Festival Theatre Edinburgh – until 2 March 2019
Reviewed by Manetta McIntosh
For anyone who is familiar with the classic movie version, you can be forgiven for attending with some trepidation. It is hard to imagine that the stage version would be able to reproduce the cinematic tricks which made the movie the classic it became. The storyline relates very closely to the movie, Sam and Molly are a young professional couple who are beginning their life together when tragedy strikes. Sam is killed in an apparent robbery gone wrong and he returns as a ghost to seek justice with the help of a seemingly fake psychic.
As the lights dimmed a haunting arrangement of Unchained Melody began to play and the audience were completely drawn in. Rebekah Lowings who played Molly did bear a resemblance to Demi Moore which made her character feel familiar yet suitably different. There were subtle echoes of the movie throughout, small things that fans will recognise immediately such as Sam’s shirt, Molly’s dungarees, things that set you at ease.
The staging was cleverly introduced; the changing of scenes was seamless and how they recreated the subway was delightful. Lighting was skilfully utilised to draw the eye to where they wanted you to look which allowed for elusive changes to the set. Whilst it felt it was too early in our relationship with the characters to have them disrobing each other only ten minutes in to the show, by the end of the first half you were completely invested in Sam and Molly as a couple.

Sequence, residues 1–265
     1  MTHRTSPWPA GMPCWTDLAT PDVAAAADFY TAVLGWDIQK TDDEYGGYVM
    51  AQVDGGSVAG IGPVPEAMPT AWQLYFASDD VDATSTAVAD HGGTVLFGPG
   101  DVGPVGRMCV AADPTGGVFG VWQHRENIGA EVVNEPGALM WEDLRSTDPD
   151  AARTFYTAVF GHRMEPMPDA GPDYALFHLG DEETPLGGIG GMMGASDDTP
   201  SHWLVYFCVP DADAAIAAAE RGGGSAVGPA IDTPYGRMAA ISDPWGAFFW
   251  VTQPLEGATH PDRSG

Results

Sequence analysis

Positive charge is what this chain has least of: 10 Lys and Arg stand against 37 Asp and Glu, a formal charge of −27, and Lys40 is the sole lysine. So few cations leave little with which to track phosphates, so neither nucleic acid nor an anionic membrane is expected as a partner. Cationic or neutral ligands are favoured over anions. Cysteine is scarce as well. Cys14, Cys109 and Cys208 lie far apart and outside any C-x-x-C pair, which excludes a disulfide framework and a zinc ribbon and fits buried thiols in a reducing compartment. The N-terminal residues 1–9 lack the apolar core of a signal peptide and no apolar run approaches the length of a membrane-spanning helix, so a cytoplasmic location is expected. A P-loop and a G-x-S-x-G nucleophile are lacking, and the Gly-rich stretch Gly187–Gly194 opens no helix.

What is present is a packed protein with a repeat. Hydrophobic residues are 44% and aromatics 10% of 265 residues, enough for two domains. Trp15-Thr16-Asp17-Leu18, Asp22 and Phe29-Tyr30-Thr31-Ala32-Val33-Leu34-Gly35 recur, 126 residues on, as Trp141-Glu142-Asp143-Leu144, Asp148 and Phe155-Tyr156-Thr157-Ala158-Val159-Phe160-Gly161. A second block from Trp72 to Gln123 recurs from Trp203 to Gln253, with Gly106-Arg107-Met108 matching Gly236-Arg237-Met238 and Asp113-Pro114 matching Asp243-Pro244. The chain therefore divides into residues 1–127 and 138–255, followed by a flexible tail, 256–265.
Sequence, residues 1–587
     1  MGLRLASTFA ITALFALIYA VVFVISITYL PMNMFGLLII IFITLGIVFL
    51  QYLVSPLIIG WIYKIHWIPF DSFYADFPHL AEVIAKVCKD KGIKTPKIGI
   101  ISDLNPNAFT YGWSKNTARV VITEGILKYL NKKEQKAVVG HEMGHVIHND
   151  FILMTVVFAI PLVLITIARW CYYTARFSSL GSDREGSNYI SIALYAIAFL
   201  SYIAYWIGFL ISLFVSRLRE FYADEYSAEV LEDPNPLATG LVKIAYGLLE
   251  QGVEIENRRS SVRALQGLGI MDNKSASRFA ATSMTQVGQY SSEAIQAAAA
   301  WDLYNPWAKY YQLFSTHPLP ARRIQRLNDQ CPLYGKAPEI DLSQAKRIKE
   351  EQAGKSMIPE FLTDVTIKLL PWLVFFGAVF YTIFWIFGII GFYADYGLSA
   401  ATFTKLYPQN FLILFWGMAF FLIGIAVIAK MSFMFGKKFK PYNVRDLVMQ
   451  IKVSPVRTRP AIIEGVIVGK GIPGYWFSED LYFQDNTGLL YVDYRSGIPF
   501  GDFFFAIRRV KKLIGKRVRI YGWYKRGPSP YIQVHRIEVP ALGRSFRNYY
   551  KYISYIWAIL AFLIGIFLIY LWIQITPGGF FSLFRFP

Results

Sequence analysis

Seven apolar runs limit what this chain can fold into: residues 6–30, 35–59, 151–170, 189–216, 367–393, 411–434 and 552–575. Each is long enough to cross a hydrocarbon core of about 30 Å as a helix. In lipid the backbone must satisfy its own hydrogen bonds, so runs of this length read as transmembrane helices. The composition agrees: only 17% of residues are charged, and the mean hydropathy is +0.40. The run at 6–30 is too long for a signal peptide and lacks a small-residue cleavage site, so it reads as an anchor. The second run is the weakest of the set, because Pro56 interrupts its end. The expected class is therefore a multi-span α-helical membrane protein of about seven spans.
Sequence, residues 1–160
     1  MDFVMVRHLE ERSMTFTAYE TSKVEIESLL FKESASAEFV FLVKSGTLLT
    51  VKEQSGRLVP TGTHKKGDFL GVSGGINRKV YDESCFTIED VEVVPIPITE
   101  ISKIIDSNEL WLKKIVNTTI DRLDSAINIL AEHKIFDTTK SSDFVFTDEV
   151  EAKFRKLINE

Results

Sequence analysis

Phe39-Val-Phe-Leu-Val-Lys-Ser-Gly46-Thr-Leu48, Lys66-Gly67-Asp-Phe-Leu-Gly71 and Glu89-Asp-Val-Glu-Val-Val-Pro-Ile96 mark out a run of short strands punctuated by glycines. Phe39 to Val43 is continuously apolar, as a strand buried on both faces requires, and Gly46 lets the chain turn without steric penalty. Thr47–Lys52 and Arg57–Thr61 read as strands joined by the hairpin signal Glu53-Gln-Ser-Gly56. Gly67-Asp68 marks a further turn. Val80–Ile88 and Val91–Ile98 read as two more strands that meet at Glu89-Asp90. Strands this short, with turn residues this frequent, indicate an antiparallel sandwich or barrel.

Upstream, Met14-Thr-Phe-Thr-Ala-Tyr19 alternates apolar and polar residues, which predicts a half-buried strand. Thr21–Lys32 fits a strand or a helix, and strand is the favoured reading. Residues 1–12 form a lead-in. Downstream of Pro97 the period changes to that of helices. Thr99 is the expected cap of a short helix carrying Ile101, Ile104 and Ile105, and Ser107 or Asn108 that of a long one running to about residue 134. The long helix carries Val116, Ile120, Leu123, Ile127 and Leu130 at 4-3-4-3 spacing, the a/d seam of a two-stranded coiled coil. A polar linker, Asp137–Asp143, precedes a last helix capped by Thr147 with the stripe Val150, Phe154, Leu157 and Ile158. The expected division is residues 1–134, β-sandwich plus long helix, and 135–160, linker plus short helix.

It is difficult to review this show without making comparisons to the movie, but one of the most iconic scenes has to be the pottery wheel with Unchained Melody playing in the background. This was delicately reproduced to pay homage to the movie but presented in such a way that made it feel like a scene in its own right.
Rebekah Lowings has an incredible voice, when she sang With You I had goosebumps. Niall Sheehy singing Unchained Melody (when Sam utilises Ode Mae’s body to be close to Molly) was another goose bump moment. And try as I might to dislike him, when Carl (Sergio Pasquariello) was singing with Molly I was totally transfixed by his voice. Not all the songs hit the mark but this was not the fault of the singers, the vocals were incredible.
Jacqui Dubois as Ode May Brown deserves a paragraph all to herself. Her version of the character was superb, her pizazz and humour boldly punctuated an otherwise emotional storyline. Ode Mae brings a welcom spark to the show and her comedy timing is spot on. Her efforts were repaid in buckets during the encore when she, by far, got the loudest cheering applause.
A must see show for fans of the movie or newbies alike, if you like musical adaptations you will love this.